A NASA spacecraft flew from Venus last summer and detected a natural radio signal from Earth’s twin. This signal reveals that the probe actually passed through the upper atmosphere of Venus, collecting the first direct measurement of it in almost 30 years.
The solar mission, which starts in 2018, aims to explore the sun and unravel some of its mysteries. The probe will travel through the solar atmosphere for seven years and will be closer to the surface of our star than any spacecraft before it.
Venus contributes to the success of the probe. The spacecraft uses Venus̵
During one of these flies on Venus on July 11, 2020, the probe gathered evidence that the upper atmosphere of Venus is undergoing some unusual changes that are affected by the solar cycle or the 11-year cycle of our sun.
The spacecraft also clicked an amazing image that shows an unexpected side of our planetary neighbor. This was Venus’s third gravity assistant for the Parker solar probe. During the flight, the probe is located 833 kilometers from the planet’s surface.
The information Parker has gathered so far about Venus helps scientists understand why it is so different from Earth, even though the planets are often called twins.
Both planets are rocky and similar in size, but something happened to make Earth and Venus evolve differently. Unlike Earth, Venus has no magnetic field. Its inhospitable surface has flaming temperatures that can melt lead.
Attempts to explore Venus with the help of spaceships are complicated because they can only survive for a few hours if they try to descend to the surface. Previous missions to explore Venus include NASA’s Pioneer Venus Orbiter from 1978 to 1992 and the European Space Agency’s Venus Express from 2005 to 2014, both orbiting the planet.
But understanding why Venus came into being this way can help scientists determine why some Earth-like planets look habitable while others don’t.
During Venus’s third flight, Parker Solar Probe’s FIELDS instrument, which measures electric and magnetic fields in the solar atmosphere, detected a natural low-frequency radio signal. This appeared as a “frown” in the FIELDS data.
“I was so excited to receive new data from Venus,” said Glyn Collinson, lead author of the study and a research fellow at NASA’s Goddard Space Flight Center in Greenbelt, Maryland, in a statement. “To see Venus now, it’s all about those little looks.”
Collinson, an expert from Venus who has studied data from previous missions on the planet, believes that the signal seems familiar. He previously worked on the Galileo orbit, which studied Jupiter and its moons from 1995 to 2003.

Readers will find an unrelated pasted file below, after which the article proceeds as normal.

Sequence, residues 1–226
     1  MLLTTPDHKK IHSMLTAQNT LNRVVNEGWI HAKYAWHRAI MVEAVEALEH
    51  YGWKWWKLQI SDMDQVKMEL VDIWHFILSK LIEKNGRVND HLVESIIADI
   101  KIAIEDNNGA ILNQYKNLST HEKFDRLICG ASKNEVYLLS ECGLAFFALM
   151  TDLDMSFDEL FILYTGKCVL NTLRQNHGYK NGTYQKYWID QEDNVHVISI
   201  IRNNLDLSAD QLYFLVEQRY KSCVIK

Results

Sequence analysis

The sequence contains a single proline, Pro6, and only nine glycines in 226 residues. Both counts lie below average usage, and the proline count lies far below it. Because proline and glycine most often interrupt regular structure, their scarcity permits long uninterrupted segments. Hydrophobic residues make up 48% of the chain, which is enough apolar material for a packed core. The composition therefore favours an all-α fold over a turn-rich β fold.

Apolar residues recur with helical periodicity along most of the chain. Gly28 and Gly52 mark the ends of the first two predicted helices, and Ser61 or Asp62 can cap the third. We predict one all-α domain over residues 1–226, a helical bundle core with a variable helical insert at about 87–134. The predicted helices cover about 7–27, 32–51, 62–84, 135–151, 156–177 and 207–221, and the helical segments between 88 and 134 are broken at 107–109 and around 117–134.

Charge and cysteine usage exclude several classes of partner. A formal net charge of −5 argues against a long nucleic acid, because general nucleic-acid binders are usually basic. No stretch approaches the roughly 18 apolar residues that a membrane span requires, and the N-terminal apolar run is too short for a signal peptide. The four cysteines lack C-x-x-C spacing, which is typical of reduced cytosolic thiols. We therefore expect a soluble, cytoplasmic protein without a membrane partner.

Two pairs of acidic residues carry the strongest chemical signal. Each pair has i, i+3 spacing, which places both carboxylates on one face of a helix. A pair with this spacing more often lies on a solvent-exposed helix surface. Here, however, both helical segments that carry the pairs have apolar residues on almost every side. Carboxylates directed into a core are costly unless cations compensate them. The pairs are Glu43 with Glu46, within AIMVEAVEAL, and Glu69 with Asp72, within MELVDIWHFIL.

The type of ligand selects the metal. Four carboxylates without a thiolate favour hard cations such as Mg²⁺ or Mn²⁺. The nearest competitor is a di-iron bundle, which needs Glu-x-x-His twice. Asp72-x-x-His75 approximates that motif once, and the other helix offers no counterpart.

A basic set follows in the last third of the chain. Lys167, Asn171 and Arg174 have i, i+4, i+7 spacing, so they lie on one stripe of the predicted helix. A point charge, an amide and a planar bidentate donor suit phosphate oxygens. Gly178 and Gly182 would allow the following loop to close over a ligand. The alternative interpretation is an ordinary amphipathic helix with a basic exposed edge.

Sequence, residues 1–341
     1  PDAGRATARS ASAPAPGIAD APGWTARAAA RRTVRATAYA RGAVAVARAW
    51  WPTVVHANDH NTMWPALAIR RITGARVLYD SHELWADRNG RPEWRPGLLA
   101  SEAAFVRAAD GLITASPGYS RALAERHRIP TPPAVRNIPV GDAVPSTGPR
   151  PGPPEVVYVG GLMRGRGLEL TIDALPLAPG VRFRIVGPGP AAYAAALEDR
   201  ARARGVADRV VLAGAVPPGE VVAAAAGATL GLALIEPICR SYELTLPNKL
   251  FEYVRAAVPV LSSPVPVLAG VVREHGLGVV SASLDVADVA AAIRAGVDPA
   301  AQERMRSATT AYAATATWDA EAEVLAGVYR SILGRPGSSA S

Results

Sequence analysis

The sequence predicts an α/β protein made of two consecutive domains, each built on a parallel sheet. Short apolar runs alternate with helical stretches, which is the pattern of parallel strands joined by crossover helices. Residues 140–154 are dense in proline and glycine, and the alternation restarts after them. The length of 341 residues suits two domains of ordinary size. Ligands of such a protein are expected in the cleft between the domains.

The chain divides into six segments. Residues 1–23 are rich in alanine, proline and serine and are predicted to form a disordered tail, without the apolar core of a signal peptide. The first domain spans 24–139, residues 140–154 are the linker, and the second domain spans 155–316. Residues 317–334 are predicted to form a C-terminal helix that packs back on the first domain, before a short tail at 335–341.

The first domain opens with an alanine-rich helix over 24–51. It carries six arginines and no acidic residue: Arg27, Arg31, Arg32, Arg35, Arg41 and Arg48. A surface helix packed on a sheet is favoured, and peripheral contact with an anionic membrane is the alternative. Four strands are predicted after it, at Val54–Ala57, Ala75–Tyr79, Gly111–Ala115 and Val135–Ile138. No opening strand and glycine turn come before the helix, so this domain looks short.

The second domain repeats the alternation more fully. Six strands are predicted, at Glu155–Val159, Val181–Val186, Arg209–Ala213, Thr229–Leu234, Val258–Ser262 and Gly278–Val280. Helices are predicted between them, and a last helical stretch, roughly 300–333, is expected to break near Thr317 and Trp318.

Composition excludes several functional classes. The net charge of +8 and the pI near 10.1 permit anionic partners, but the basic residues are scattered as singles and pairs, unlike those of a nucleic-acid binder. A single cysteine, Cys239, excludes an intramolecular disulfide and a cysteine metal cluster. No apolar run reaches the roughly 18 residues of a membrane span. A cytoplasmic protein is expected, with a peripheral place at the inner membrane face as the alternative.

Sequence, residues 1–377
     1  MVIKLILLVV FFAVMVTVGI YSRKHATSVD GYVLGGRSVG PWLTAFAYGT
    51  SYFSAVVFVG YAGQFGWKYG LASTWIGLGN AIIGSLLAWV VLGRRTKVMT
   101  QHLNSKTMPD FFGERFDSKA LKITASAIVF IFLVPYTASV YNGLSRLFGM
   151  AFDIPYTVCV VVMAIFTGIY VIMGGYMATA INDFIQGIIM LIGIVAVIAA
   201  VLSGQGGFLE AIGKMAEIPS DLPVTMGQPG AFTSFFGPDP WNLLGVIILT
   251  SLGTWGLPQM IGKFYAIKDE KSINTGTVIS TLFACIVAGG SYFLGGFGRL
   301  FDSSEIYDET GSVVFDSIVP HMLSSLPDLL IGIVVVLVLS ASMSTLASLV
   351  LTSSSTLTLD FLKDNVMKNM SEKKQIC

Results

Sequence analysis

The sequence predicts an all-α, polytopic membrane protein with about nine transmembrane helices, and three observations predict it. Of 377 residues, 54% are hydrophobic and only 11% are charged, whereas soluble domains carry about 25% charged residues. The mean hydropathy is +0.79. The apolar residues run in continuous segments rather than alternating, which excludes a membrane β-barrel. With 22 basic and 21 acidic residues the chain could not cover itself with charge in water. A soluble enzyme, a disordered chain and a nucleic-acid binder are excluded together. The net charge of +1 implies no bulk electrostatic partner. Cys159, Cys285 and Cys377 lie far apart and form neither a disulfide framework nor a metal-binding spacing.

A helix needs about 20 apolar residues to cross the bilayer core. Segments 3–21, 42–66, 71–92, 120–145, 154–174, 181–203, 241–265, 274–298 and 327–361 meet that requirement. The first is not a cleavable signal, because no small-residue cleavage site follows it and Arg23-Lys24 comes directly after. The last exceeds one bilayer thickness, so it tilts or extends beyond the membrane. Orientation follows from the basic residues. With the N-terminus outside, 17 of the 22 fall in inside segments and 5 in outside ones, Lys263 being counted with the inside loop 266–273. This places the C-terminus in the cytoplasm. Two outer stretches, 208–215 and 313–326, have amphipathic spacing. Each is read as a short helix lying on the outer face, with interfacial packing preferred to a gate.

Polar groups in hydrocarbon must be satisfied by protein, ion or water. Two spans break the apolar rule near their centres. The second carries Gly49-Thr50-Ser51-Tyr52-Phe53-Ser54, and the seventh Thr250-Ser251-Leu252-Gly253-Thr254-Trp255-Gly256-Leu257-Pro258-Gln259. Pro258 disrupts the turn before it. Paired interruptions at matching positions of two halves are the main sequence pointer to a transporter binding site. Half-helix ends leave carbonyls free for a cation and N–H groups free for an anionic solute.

The same kind of frown will appear in Galileo’s data when the spacecraft passes through the ionospheres of Jupiter’s moons, Collinson noted.
Earth and Venus have an ionosphere or an electrically charged layer of gas at the upper edge of the atmosphere. This plasma emits natural radio waves that can be captured by instruments such as Parker’s FIERDS.
Collinson and colleagues realized that the spacecraft cleared the upper atmosphere of Venus during the July 2020 flyby. The radio signal received by FIELDS helped researchers calculate the density of the Venus ionosphere. The last time the research team had access to this type of data was when it was collected by Pioneer Venus Orbiter in 1992.
At that time, the sun was approaching the solar maximum or peak of activity during the solar cycle.
During the July flight nearly 30 years later, ionosphere data were collected six months after the Sun’s solar minimum.
The comparison revealed something scientists have long suspected: the ionosphere of Venus changes in response to solar activity throughout its solar cycle.
Researchers have found that the Venus ionosphere is much thinner during the solar minimum than during the solar maximum.
“When multiple missions confirm the same result, one after the other, it gives you a lot of confidence that the thinning is real,” said study co-author Robin Ramstad, a doctoral student in the Laboratory of Atmospheric and Space Physics at the University of Colorado, Boulder, in a statement. .
Understanding the ways in which Venus responds to the changes experienced by the sun can help scientists understand how the planet is evolving. The Venetian ionosphere releases energy gas into space, suggesting that its atmosphere has changed over time.
“The purpose of the flight from Venus is to slow down the spacecraft so that the Parker solar probe can dive closer to the Sun,” said Nur E. Rawafi, a scientist in the Parker solar probe project, in a statement. in Applied Physics, Jones Hopkins. “But we would not miss the opportunity to gather scientific data and provide unique insights into a mysterious planet like Venus.”